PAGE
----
Will the race change? A breakdown of post-election concepts and their effects

By Danny Connolly, Staff Reporter

The Associated Press declared Joe Biden the winner of the 2020 presidential race on Nov. 7, with Pennsylvania’s 20 electoral votes giving Biden the victory in that state and of the entire race. 

President Donald Trump has refused to concede the election, insisting with a Twitter post on Nov. 10 that read, “WE WILL WIN!”

But is there a way where the president can win? The Daily Egyptian looks at three different political concepts that pundits have been talking about: faithless electors, mail-in voting and recounts and how they could impact the election.   


Faithless Electors

Technically, no one has voted on the general state presidential election. The electoral college votes on the president based on the results of each state election and will vote on the President on Dec. 14.

Electors are picked by the state party to vote but can vote against their party’s wishes. 

Certain states have some laws removing and replacing electors if they choose to be faithless. A ruling upheld by the Supreme Court this year in Chifalo v. Washington.    

Viriginia Tilley, an SIU political science professor, said while the Electoral College was designed for electors to debate choosing the best candidate, in modern-day times, the voting is usually representative of the general vote as citizens are more informed. 

“Their function is purely performative,” Tilley said. “They come to the electoral college to report the vote, not to deliberate.”

In 2016, seven electors were faithless and voted for candidates other than ones they were obligated to vote. Three electors, also in 2016, tried to vote faithless but were replaced by the state. This did not change the election result.    


Mail-In Voting

President Trump has asserted mail-in voting leads to fraud.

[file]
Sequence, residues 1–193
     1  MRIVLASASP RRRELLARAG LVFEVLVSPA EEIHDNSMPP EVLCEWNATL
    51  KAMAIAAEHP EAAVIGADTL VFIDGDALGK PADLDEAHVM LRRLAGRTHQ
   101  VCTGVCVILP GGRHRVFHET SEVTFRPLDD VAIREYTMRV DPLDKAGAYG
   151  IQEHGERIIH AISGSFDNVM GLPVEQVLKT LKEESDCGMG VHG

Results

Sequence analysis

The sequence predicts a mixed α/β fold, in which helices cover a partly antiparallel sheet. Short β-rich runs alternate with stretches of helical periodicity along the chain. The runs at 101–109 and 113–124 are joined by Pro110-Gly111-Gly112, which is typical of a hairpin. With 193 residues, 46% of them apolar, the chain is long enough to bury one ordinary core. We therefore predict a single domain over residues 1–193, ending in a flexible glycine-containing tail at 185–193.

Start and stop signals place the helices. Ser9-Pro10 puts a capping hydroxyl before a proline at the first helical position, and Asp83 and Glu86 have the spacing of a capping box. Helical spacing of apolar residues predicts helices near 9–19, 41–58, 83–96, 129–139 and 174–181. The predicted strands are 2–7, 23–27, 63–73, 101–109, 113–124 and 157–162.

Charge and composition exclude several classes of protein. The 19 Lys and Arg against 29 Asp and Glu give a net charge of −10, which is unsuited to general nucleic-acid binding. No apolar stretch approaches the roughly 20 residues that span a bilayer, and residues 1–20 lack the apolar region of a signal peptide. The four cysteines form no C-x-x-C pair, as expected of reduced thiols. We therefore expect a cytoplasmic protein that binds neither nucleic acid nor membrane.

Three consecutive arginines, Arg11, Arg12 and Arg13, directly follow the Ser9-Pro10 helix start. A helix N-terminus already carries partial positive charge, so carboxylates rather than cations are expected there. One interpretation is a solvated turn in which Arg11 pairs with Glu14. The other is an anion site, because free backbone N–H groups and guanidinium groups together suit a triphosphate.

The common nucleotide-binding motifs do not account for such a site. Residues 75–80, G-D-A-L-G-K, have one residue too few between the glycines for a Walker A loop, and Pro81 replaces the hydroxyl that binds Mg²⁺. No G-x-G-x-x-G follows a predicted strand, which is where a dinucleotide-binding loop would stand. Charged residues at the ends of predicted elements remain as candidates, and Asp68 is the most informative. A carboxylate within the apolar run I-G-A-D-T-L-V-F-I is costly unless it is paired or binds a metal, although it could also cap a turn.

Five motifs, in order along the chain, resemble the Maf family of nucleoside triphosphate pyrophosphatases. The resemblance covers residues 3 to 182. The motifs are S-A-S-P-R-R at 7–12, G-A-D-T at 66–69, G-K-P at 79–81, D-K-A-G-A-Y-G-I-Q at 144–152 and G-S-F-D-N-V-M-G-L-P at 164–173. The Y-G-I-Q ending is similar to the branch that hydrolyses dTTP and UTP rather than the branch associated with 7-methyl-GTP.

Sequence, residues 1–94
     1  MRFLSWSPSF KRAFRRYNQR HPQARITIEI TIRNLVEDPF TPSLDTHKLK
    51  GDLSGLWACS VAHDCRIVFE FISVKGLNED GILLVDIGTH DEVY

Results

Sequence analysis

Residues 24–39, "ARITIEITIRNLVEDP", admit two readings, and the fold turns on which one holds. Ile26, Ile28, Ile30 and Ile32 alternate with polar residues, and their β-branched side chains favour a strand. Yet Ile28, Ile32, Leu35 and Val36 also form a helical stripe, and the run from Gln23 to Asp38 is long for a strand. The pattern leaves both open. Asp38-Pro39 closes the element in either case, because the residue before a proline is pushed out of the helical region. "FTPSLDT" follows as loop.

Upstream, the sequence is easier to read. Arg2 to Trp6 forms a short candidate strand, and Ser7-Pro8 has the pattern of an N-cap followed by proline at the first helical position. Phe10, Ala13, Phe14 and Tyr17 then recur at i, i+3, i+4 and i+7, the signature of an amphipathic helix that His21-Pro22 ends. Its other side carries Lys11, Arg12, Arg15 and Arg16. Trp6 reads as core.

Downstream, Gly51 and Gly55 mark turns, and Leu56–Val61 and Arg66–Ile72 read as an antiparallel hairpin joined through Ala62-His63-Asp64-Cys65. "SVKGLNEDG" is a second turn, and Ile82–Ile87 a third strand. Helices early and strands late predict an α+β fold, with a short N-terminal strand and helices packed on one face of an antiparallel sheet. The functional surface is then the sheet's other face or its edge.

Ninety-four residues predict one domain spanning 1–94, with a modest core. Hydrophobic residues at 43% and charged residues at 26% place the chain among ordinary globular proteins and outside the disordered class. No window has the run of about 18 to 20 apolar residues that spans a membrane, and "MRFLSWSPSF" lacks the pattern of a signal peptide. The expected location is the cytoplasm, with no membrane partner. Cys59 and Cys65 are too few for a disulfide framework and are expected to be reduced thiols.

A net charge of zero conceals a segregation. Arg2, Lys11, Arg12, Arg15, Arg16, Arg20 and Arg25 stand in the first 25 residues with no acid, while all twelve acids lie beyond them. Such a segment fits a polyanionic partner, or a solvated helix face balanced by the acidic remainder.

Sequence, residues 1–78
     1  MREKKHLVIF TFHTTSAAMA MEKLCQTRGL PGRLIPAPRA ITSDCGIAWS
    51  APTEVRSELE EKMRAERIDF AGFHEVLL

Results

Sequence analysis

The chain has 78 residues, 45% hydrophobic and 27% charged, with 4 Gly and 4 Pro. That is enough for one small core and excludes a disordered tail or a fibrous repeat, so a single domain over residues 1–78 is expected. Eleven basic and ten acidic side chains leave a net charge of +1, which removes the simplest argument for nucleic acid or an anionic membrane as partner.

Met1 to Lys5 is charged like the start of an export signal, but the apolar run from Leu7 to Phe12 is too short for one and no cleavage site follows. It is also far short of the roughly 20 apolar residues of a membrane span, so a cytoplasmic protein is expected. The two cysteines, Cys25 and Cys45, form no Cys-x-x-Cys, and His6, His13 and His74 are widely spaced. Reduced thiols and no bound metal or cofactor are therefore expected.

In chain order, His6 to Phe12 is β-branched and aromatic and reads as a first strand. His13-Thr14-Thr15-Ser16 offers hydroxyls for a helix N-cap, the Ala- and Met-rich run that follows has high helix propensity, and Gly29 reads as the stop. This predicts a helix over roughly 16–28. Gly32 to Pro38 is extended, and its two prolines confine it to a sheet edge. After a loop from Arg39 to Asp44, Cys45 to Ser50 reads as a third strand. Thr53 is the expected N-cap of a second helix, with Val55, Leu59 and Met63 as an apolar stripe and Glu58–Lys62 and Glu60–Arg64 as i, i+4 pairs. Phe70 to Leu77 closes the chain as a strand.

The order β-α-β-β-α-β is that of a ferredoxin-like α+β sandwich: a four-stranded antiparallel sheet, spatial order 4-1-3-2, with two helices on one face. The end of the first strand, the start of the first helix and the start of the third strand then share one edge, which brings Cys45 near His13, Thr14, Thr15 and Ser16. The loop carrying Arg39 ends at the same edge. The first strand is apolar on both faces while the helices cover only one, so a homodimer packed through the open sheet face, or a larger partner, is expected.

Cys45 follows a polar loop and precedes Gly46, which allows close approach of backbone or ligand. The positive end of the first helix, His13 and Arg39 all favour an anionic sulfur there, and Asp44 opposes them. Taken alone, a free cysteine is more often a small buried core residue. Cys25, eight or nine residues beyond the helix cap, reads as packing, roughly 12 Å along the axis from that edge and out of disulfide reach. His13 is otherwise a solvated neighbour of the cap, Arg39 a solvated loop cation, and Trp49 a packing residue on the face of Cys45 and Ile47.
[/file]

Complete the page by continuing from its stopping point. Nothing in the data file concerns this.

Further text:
Attorney General Bill Bar has allowed the Department of Justice to investigate voting irregularities.    

According to many election experts, there is no evidence of widespread election fraud for any style of voting, in-person or mail-in, in the presidential election.  

“I think he’s raised this issue frankly just as a tactical ploy to complicate things,” John Shaw, director of the Paul Simon Public Policy Institute, said in an interview before the election. 

Shelia Simon, an SIU law professor specializing in state laws, said she knows first hand as an election judge for the 2020 election there’s many bipartisan checks in place to prevent voter fraud.  

“Almost all of these processes have the inclusion of a Democrat and a Republican in the same room in the same place to see the same thing,” Simon said. “The whole way through, there’s protections built in, in just about every state.”

 President Trump voted by mail in 2016.

“I think he knows that likely the bulk of the mail-in votes would be likely be Democrats, who will likely support his opponent,” Shaw said.   


Several states may go through recounts of ballots. 

Like electoral voters, protocols for the recounts are decided by each state. Some states have automatic recounts when there is a close margin. 

The Secretaries of State in Georgia and Wisconsin have already issued a recount of votes because of close races. 

Simon said recounts find ballots for both sides to an election.  

“Sometimes recounts find more votes, but they’re more votes that reinforce the person who was ahead, stays ahead,” Simon said. “I can’t think of too many times, when a recount resulted in a changed result.”

Faith in the election

President Trump has elevated claims questioning the result of the elections. On Twitter, he has made over 30 tweets and retweets, which have been flagged by the platform for false or misleading information about the election.  

According to a poll by Politico, 70% of Republicans do not believe the election was “free and fair”, compared to 35% of Republicans before the election. 

Tilley said the division casted on the election process has separated the country. 

“In some senses, I think the United States right now is not really one nation; we’re two,” Tilley said. “A nation, as one famously said, is an idea, a set of binding principles. And right now, we don’t have one idea, or one set of binding principles. We have at least two big ideas and plenty of fringe ideas.” 

Tilley attributes the national division to misinformation. 

“That’s resulted from the information being so different that people have and their ideas about their country and the ideas being so different,” Tilley said. “We have to sort that out.” 

Staff Reporter Danny Connolly can be reached at [email protected] or on Twitter at @DConnollyTV

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